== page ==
Eastman (NYSE:EMN) inked an agreement with Johnson & Johnson Medtech subsidiary, Ethicon, to provide materials for Eastman Renew’s medical device sterile-barrier packaging. The agreement puts Ethicon as the first healthcare company to use medical-grade Eastman Renew materials in its product packaging. Specifically, the company will use Eastar Renew 6763 copolyester for its medical device barrier packaging, which performs the same as the former packaging materials the company has been using for decades, except that it contributes to recycling efforts and won’t be show up in landfills.
The deal here diverts waste volume up to 25 per cent of the weight of the total packaging produced—with a potential bounce of up to 50 per cent by the end of 2023. The commitment is supported by Ethicon’s ISCC PLUS certification, which is awarded by the International Sustainability and Carbon Certification, which is responsible for tracing sustainable sourcing of feedstock.
“The companies worked closely to chart a path toward creating a more circular future for packaging of medical devices, driving landfill diversion and reducing carbon emissions. With our molecular recycling technologies, we can improve the sustainability of products that have been the hallmark of safety and performance in healthcare for decades,” said Scott Ballard, president of Eastman plastics division.
Eastman is a specialty materials company involved in the production of a broad range of products that people use everyday. The company works with customers to deliver products and solutions while maintaining a commitment to safety and sustainability—hence the deal with Ethicon. The company’s growth model incorporates tech platforms, deep customer engagement and application development in order to grow its positions in markets like transportation, building, construction and consumables. At present, Eastman employs over 14,000 people globally and serves customers in over 100 countries.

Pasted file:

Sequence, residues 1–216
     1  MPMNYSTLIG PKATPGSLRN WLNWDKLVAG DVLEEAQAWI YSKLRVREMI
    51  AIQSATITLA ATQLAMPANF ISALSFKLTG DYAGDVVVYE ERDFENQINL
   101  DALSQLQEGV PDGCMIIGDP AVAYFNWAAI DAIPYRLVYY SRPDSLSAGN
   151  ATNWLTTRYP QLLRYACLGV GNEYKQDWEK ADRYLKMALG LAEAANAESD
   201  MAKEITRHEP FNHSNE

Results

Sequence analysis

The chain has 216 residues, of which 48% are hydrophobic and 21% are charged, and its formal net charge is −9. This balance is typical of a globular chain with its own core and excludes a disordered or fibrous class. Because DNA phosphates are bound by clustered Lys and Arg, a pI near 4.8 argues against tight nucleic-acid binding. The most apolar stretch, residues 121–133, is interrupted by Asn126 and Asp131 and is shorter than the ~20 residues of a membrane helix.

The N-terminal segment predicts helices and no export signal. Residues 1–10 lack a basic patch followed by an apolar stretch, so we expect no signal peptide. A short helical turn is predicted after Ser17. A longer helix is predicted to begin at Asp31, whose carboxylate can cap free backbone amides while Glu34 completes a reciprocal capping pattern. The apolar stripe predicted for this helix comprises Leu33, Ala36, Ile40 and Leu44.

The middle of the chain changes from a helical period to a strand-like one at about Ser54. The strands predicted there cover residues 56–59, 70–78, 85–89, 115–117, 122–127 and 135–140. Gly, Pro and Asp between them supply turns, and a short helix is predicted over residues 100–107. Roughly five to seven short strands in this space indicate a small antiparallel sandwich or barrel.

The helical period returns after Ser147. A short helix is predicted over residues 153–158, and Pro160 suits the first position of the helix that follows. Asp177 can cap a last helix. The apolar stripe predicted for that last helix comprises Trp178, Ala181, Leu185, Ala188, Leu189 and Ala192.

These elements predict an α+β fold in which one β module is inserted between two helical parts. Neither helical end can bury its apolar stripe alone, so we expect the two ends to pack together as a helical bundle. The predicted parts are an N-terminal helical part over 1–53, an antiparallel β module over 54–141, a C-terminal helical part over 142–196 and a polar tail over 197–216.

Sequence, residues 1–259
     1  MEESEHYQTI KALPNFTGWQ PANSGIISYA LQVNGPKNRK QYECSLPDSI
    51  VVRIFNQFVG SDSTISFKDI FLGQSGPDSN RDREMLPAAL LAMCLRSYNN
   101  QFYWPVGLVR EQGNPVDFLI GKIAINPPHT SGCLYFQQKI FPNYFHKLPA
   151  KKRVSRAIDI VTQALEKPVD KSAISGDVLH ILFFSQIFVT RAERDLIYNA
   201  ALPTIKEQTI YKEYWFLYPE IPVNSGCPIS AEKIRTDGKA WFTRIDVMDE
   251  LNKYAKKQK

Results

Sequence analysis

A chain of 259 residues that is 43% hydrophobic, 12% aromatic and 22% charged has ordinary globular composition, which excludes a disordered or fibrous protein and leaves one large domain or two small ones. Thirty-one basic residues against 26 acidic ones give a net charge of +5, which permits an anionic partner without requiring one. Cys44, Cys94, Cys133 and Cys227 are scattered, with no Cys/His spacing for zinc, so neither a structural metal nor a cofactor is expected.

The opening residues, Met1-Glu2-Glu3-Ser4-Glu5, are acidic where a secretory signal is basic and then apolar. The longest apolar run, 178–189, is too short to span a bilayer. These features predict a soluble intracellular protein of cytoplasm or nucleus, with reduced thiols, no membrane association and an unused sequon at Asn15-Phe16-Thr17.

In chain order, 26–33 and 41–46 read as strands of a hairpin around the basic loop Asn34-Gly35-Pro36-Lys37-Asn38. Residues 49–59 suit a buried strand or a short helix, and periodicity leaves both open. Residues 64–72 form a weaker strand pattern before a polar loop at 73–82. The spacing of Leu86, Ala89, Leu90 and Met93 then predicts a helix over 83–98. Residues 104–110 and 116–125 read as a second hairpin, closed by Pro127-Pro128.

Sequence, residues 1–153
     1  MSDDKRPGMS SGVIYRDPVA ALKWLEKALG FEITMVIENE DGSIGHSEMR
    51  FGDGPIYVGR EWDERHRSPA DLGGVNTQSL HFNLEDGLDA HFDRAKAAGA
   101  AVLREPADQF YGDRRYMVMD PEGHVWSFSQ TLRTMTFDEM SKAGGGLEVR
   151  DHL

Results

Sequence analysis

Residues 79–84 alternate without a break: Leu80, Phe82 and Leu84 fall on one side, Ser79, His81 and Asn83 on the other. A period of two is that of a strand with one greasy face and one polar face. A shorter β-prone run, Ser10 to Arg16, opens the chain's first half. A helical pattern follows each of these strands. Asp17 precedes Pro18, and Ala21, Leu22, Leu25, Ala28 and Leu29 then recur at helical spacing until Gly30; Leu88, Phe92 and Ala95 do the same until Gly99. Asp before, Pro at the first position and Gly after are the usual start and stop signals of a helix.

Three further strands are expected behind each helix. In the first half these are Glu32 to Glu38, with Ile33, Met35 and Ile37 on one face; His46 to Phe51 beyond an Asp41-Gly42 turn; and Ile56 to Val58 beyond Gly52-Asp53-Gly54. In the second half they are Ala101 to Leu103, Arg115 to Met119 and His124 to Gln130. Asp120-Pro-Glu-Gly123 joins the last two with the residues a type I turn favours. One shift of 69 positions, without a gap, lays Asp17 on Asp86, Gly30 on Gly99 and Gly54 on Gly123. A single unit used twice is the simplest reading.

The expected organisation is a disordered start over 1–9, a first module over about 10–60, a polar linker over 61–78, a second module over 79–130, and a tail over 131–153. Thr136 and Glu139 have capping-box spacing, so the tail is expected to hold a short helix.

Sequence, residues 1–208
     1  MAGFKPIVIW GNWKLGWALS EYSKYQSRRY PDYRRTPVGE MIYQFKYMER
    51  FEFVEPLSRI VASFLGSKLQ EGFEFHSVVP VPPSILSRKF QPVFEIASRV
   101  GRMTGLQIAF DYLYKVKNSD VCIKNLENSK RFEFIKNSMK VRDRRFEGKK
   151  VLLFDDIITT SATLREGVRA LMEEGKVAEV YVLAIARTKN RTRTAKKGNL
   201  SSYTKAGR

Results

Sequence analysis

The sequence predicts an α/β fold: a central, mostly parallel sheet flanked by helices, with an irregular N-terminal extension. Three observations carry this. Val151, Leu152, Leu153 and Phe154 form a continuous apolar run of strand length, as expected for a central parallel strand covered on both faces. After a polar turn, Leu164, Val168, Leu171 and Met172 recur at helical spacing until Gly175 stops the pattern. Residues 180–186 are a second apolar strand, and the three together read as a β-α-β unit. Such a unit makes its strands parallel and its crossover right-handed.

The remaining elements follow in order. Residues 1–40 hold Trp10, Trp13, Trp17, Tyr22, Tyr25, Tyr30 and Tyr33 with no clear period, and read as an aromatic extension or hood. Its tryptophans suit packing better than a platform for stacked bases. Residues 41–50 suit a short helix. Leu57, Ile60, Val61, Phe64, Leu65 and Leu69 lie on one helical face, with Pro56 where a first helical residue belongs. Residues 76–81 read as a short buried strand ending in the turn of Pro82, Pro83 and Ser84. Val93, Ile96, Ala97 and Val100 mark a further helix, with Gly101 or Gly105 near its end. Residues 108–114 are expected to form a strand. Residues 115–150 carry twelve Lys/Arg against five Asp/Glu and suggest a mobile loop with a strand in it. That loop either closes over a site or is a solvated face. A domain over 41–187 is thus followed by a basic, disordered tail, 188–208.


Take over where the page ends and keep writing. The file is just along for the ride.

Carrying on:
The company’s overall aim here is circularity, and collaborations like this will help push change in the industry, using molecular recycling to increase recycling rates and produce a circular healthcare economy.
Mechanical recycling of materials isn’t possible in healthcare applications because of the purity and transparency requirements, but Eastman’s molecular recycling tech offers a way to reduce plastic waste. It breaks down waste at a molecular level, which are indistinguishable from virgin materials, and can be used and re-used to create polymers suitable for the medical industry. The best part is that these technologies source plastic waste as feedstock, therefore leaving fossil resources in the ground and not contributing to climate change.